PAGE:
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Mercury Professional Development, Inc. | Phoenix, AZ
 

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Sandlerbrief

Ryan, a salesperson in his mid-fifties, had hit a performance plateau. His commissions had been
flat for the past six months, and he had narrowly missed quota in each of those months. He
scheduled a meeting with his manager, Jeannine, to see if, working together, they could identify
any steps that would turn this pattern around...

Perhaps the easiest way to avoid wasting time with questionable opportunities is to be
more selective about which ones you allow to enter the pipeline in the first place. A more
stringent “pre-pipeline” screening step may be worth considering. What are the criteria for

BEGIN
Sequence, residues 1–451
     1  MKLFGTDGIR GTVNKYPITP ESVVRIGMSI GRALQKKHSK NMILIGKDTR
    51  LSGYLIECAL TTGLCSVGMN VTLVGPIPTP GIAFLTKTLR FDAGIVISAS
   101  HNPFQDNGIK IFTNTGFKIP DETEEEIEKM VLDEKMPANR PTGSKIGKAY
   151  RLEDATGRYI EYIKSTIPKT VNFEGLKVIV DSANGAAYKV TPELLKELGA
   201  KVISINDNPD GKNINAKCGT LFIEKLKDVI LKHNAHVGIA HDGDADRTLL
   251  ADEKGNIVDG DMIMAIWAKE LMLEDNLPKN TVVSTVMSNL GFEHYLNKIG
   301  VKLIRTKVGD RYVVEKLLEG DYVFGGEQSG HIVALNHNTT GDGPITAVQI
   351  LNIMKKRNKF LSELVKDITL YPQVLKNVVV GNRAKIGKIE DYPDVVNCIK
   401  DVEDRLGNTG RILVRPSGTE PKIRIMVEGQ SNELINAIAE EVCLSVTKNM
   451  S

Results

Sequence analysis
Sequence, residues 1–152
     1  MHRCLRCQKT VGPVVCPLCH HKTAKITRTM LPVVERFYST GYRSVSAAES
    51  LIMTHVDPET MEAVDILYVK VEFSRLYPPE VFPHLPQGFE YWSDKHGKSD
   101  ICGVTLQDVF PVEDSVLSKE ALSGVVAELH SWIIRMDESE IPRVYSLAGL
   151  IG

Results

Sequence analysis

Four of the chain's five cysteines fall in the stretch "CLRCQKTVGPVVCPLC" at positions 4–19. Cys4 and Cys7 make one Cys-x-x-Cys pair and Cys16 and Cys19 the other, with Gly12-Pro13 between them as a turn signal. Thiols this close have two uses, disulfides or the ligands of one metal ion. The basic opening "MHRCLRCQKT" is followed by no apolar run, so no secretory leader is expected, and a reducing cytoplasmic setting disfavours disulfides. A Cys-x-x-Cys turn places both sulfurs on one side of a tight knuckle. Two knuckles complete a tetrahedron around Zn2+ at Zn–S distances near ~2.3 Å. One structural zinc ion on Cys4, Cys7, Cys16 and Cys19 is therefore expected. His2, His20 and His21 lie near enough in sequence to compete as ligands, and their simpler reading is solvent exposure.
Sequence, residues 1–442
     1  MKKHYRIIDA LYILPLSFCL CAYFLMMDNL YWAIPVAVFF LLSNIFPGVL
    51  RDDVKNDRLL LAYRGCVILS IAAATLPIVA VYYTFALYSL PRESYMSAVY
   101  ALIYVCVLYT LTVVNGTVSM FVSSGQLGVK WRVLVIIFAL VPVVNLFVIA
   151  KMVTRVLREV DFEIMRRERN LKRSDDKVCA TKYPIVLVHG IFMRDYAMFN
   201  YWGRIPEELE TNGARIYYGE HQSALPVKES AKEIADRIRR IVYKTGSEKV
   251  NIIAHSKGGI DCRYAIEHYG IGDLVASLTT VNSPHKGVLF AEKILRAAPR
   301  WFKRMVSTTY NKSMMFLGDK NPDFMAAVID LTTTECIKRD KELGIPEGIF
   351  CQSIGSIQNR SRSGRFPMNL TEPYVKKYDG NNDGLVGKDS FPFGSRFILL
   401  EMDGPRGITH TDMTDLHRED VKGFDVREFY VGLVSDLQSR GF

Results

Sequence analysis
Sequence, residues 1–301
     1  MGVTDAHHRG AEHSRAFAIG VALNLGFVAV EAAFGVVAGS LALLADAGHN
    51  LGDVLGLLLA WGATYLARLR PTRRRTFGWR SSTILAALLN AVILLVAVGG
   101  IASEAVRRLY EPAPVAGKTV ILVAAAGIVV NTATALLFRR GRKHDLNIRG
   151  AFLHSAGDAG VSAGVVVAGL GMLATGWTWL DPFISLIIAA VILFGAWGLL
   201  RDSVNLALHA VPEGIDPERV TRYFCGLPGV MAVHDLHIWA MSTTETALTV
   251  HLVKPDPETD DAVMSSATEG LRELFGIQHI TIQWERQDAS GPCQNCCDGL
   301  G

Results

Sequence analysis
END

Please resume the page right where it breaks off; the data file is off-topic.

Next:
entering that active phase of your pipeline?

Having a big pipeline of “prospects” is typically seen as desirable. The more prospects you put into the pipeline, the more will eventually emerge as customers. At least that’s the theory!

And in principle, the theory is valid. Some of the people you put in the pipeline will become customers. But we always need to ask ourselves two important questions about our pipeline: “How many of these opportunities do I expect to turn into customers…and how long will it take for them to emerge from the other end of the pipe?”